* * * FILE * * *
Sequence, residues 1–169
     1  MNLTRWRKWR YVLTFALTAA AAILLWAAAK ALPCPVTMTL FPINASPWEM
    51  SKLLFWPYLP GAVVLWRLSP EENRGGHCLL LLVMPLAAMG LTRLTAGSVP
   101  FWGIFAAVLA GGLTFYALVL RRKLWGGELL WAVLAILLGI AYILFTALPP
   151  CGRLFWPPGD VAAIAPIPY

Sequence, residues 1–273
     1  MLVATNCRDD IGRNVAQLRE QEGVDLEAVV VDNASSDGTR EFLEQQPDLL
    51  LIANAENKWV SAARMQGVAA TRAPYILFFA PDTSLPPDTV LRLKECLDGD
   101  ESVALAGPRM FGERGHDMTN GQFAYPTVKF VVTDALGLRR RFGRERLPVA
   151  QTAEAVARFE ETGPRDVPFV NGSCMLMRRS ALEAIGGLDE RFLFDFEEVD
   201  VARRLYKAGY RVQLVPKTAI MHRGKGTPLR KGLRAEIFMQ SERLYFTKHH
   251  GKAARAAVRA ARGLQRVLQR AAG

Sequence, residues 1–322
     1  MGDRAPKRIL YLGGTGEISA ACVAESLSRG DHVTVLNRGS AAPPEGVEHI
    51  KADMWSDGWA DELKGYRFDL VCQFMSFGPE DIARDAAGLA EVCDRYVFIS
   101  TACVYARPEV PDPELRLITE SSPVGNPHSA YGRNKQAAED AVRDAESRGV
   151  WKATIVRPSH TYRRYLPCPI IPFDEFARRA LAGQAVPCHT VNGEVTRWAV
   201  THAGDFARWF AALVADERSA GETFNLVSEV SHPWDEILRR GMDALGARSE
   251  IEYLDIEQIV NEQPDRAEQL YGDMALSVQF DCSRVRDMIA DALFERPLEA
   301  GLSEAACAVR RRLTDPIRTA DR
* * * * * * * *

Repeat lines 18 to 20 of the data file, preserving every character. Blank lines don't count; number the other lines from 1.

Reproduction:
   201  THAGDFARWF AALVADERSA GETFNLVSEV SHPWDEILRR GMDALGARSE
   251  IEYLDIEQIV NEQPDRAEQL YGDMALSVQF DCSRVRDMIA DALFERPLEA
   301  GLSEAACAVR RRLTDPIRTA DR